FX's "The Riches" stars, clockwise from top, Minnie Driver, Shannon Woodard, Noel Fisher, Eddie Izzard and Aidan Mitchell.
FX, once unassailable, has stumbled of late, following in the same missteps of its pay cable inspiration, HBO.
When: 10 tonight, FX.
Starring: Minnie Driver, Eddie Izzard.
"Dirt" premiered to largely negative reviews on FX in January, and although the Courteney Cox tabloid drama has shown marked improvement in recent episodes, it's by no means a slam dunk for renewal.
FX's next drama, "The Riches" (10 tonight), is a better show, particularly in episodes that follow tonight's ho-hum pilot. Whether viewers cotton to it will depend on how comfortable they are watching a protagonist in jeopardy.
Minnie Driver and Eddie Izzard star as a married couple of "travelers," Southern gypsies, who, after a road rage RV accident, assume the identities of a wealthy couple and move their three children into the couple's purchased-over-the-Internet new home.
"We're gonna live the American dream," dad Wayne Malloy (Izzard) declares. "Like buffers!"
("Buffers" is how these grifters refer to the rest of us.)
As the pilot begins, mom Dahlia is just out of prison after doing time for a crime Wayne actually committed. Wayne steals money from the "family" bank, and soon the Malloys are on the run with their three children in tow.
After setting up in the home of now-deceased Doug and Cherien Rich, the Malloys must undertake a 24/7 deception as they try to con their children into an expensive private school.
Thematically, "The Riches" shares much in common with HBO's "Big Love," which is also about a family that spends a lot of time and energy trying to pass as "normal" (in "Big Love," it's a polygamous family).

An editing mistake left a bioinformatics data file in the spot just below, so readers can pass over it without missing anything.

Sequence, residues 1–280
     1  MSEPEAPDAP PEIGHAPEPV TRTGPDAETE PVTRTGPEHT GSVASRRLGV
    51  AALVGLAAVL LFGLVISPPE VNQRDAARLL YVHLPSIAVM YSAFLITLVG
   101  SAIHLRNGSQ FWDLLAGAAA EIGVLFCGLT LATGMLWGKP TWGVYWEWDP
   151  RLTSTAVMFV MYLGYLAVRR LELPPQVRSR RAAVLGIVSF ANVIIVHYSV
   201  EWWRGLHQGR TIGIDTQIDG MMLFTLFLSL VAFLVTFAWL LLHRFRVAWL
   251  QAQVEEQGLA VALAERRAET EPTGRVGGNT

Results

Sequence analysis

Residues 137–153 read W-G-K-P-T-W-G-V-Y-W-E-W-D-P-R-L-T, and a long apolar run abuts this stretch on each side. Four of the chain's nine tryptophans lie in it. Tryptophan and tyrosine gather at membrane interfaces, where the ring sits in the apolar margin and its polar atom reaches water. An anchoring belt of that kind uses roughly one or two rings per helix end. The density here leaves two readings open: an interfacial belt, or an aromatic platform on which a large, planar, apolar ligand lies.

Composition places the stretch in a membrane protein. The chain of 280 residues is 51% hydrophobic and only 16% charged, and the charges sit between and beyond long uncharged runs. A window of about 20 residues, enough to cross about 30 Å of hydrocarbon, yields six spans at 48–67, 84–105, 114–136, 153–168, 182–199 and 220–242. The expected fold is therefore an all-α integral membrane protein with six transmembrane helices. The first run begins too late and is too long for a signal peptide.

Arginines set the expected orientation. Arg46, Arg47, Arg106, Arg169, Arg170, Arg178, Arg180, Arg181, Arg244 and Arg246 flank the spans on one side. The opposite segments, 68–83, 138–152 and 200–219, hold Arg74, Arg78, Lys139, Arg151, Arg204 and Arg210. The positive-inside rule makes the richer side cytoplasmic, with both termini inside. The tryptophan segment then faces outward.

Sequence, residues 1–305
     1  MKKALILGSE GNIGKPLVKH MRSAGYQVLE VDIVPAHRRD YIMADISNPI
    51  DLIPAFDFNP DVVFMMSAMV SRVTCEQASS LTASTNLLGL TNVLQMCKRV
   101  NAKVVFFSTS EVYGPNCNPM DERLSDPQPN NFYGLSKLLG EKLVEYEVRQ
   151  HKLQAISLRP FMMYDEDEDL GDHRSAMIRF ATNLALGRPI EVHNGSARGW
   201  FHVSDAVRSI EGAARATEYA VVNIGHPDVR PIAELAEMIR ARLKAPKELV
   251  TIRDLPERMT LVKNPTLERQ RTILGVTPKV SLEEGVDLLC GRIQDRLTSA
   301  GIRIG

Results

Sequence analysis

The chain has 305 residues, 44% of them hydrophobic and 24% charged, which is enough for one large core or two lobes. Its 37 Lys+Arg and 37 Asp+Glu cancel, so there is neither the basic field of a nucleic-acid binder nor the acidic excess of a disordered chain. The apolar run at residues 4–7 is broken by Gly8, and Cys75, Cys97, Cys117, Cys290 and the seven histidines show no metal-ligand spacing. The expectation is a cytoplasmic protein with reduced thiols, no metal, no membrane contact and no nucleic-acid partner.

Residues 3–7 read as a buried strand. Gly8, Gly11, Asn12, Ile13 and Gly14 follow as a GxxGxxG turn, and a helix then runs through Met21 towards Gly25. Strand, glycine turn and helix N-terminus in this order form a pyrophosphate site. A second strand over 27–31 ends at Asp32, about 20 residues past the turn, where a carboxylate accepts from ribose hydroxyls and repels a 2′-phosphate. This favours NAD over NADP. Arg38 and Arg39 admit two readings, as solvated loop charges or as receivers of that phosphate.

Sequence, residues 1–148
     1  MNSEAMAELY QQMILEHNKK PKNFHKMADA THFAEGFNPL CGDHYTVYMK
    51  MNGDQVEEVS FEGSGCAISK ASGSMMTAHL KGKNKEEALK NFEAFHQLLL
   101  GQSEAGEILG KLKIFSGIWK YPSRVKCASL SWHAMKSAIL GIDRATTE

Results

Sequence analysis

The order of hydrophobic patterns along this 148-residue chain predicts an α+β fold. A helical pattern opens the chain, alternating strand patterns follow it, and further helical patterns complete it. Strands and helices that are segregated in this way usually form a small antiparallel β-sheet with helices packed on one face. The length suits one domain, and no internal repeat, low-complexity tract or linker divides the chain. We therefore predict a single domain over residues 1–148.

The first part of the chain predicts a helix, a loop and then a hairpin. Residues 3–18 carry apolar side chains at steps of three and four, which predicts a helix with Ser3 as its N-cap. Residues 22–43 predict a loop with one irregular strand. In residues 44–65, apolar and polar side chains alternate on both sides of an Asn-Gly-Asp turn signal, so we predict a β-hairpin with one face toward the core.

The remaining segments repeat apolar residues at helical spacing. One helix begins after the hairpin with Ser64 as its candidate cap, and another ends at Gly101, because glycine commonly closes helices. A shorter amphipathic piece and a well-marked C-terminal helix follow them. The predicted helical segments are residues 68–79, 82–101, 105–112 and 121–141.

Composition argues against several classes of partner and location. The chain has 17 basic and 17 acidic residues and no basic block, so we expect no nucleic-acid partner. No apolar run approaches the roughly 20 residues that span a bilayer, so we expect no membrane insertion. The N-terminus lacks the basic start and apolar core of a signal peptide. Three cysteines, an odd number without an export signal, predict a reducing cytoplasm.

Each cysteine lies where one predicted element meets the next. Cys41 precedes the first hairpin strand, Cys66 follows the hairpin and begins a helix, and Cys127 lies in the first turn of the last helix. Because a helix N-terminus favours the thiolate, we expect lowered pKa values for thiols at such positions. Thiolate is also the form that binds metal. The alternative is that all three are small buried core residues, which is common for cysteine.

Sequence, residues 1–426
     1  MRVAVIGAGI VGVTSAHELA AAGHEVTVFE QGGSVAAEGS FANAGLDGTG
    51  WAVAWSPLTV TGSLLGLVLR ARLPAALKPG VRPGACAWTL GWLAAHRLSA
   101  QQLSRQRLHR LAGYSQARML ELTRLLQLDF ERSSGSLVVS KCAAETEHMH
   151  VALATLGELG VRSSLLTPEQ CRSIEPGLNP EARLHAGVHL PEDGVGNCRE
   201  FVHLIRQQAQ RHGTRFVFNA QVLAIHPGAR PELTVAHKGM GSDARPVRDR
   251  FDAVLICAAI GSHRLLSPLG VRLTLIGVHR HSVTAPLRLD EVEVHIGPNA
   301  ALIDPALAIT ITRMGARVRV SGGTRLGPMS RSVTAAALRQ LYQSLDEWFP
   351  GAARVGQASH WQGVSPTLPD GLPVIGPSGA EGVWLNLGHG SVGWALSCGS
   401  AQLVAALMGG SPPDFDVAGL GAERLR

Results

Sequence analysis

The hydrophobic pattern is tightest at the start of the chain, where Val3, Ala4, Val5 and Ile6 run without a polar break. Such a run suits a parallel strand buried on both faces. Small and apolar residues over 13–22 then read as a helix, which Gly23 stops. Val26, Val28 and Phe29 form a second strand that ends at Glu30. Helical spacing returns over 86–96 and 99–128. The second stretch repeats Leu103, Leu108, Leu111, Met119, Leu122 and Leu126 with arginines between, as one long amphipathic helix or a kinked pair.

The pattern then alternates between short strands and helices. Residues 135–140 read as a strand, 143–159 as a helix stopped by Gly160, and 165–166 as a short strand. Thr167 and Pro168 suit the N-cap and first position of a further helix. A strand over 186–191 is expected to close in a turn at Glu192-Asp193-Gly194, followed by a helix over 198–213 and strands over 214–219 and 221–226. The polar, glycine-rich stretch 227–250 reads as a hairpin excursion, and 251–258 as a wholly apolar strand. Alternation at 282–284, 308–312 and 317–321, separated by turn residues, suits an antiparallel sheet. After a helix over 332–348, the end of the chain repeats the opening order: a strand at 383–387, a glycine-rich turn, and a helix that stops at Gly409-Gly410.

While "Big Love" quickly established its characters' motivations, "The Riches" allows questions to linger: Why does youngest son Sam (Aidan Mitchell) insist on dressing up as a girl? When we first meet him, his dad is shaking down attendees at a high school reunion, so a disguise for the kid makes sense. Only later is it clear that the boy likes to wear girls' clothing, but the first three episodes sent for review don't really dig any deeper into his character.
Even after the Malloys have moved into their mansion, the theft of money from back in the travelers' camp continues to haunt them as nasty Dale (Todd Stashwick) tries to track the family down. Executive producers Dawn Prestwich and Nicole Yorkin previously worked on HBO's "Carnivale," so they bring an understanding of Dust Bowl carny culture, which seems to be pretty complementary to this particular gypsy clan.
Created by playwright Dmitry Lipkin, "The Riches" found strong, capable leads in Driver and Izzard. Nevermind that Driver is impossibly beautiful to be playing a Southern bumpkin, she makes Dahlia believable, even when saddled with a tired drug addiction story.
Izzard is the most impressive find. His Wayne Malloy is a most likable sneak. Viewers who are drawn in won't be able to help feeling nervous for Wayne when he tries to fake his way through a job as in-house counsel in an upcoming episode. Viewers will have to decide if watching Wayne perform this high-wire act is entertaining or anxious-making.
"The Riches" certainly has some rich elements -- there's even a little dark humor, just not enough of it -- but in early episodes, the show remains wobbly as it tries to find its footing.